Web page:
Today you will be hard pressed to find anyone around you completely untouched by the traumatic second wave of Covid-19. Some lucky ones have had a light brush with the virus, ohers have been dealt a far heavier blow.
Losing a loved one is always difficult, but this time around, the loss is heavier. It has been accompanied by a sense of helplessness, suddenness, and despair.
Take Nishant's case for instance. In just three weeks, he lost a brother-in-law and two grandparents. He still can't believe that it was only six months back that there were still a part of his life.
His parents have spent many days in silence. Unsure of how to process so much loss in such a short a time, they have been alternating between crying quietly and distracting themselves with the TV. While Nishant had taken just a few days off work, he finds it very hard to focus and concentrate on anything.
Anita’s father had always been her pillar. When she wanted to pursue a career as a journalist, it was he who encouraged her to be brave. To go where no one else had had the courage to go. To tell the stories that needed to be told.
Four weeks ago, when he complained of unease in his chest, she had moved heaven and earth to organise an oxygen cylinder, but it didn’t work the way it was meant to. In just a few hours, she had lost him as he gasped for breath. That is an image she is haunted by each day.
Many mental health experts are warning us of an impending mental health crisis, the worst since partition.
When I speak to human resources professionals or business people all around, they understand and are often equally shaken by the events of the last few weeks. But this is new territory and no one is quite sure how to respond.
Over the past few weeks, I interviewed experts in fields as diverse as psychiatry, wellness, and spiritual wellbeing to learn more.
There seem to be at least three ways organisations can help.
Create spaces for collective experience sharing
What we have just experienced is collective emotional trauma. And the way out is also collective. Human societies have done their best healing by sharing their stories and listening to those of others.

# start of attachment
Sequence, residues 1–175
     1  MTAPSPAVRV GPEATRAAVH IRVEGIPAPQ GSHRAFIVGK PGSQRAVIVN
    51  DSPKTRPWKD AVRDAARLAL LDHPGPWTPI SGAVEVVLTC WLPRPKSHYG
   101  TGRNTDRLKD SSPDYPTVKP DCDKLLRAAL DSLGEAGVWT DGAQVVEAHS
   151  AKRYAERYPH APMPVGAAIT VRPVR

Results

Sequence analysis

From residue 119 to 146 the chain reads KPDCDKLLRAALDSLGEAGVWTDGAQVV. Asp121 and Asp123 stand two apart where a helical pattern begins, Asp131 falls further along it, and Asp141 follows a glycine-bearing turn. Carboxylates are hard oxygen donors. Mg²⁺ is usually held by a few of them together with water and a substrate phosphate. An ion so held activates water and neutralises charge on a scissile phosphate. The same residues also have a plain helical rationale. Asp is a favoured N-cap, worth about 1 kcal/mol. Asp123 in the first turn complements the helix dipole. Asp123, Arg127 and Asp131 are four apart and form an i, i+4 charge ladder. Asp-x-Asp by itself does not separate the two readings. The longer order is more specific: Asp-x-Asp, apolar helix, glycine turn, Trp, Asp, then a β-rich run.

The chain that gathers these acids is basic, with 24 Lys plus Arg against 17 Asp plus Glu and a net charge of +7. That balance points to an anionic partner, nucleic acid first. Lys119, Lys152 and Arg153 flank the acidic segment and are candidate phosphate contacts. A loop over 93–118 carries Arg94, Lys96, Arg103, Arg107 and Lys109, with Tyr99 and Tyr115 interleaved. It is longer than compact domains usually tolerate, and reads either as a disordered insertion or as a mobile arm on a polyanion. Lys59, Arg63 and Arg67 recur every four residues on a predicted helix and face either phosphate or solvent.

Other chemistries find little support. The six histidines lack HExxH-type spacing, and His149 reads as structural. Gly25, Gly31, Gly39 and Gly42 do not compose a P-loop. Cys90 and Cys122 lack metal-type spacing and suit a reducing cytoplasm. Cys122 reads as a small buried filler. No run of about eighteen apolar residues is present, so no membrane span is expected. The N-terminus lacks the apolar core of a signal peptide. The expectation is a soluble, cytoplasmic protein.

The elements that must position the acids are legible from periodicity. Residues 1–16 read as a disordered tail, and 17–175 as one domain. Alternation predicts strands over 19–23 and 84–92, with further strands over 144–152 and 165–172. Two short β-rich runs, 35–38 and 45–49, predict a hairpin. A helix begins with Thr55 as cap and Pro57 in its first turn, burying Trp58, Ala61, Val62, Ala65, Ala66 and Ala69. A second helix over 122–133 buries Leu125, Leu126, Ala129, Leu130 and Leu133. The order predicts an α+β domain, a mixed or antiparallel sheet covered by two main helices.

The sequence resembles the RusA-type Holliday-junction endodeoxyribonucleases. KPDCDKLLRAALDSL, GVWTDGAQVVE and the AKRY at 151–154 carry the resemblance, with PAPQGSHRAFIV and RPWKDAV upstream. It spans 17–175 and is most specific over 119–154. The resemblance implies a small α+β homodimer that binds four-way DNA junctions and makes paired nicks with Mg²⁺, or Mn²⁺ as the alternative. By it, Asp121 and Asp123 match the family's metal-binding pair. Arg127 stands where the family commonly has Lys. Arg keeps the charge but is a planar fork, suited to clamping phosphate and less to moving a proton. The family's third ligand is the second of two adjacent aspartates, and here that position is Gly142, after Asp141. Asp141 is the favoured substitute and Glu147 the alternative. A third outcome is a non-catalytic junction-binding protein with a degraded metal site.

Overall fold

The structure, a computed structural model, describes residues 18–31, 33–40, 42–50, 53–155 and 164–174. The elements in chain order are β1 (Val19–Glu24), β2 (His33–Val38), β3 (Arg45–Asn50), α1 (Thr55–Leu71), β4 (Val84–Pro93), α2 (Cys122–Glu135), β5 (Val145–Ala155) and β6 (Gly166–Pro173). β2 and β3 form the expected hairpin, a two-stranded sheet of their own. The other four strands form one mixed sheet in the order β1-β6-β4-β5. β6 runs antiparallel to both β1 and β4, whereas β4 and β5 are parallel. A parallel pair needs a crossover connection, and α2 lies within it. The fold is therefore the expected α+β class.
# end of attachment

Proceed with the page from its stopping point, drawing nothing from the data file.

This time around, this has been complicated by the fact that we have had little physical contact with others. Our anxiety, our grief, and our despair have been our own. Yet it is in the collective sharing of these stories that we heal and grow.
So what can organisations do?
A great place to start may be to create safe spaces for sharing. This could take the form of support groups for anyone who has experienced loss. Virtual support groups till it is safe to return to offices.
Leaders can also create space for safe conversations within their own teams. To be able to support each other—we first need to hear each other.
Organisations who are able to do so will communicate that they care for their people—as humans first. To be able to share our true experiences and be heard is a very powerful experience. We feel connected and together.
Access to wellness and happiness habits
There is a famous couplet by the poet-saint Kabir Das which goes something like this: “We all remember him in our sad times and not in our happy ones. If we remembered him in our happy times, we would not be so sad when things are difficult.” (Dukh mein sumeeran sab karein, sach mein karein na koi. Jo sach mein sumeeran karein, dukh kaahe ko hoye)
True of spiritual practices. True of wellness practices.
Practices cannot take away our loss. But they can give us the resources to cope. Today, whether you have played the role of a caregiver, supported a friend through their loss, or lost a loved one yourself, having good practices to fall back on is a great strength.
This is also an area where many organisations can help.
Access to different practices at little or no cost builds resilience and communicates care.
There are two things we know about organisational volunteerism.
People who volunteer to help others through a crisis feel stronger themselves. The very process of volunteering is empowering and good for sense-making.
But did you know that a recent study also shows that corporate volunteers have far lower rates of attrition? Volunteerism connects them to their organisations in yet another way.
So organisational volunteerism is a great way for organisations to help.
This could take the form of organising vaccination camps or help for healthcare workers or jobs for devasted families. The possibilities are endless.
As the second wave recedes, it takes the edge off our collective stress. It opens us to the possibility of healing. It is my hope that sensitive organisations will take the lead in this process.
It is good for those who work there. It is good for the organisations themselves. And it is good for us as a society.
Dr Shalini Lal is the co-founder of Unqbe and works at the intersection of ‘people and organisations’ and ‘the future of work’. She has a PhD in organisational science from UCLA and has been a senior HR leader
The thoughts and opinions shared here are of the author.
Check out our end of season subscription discounts with a Moneycontrol pro subscription absolutely free. Use code EOSO2021. Click here for details.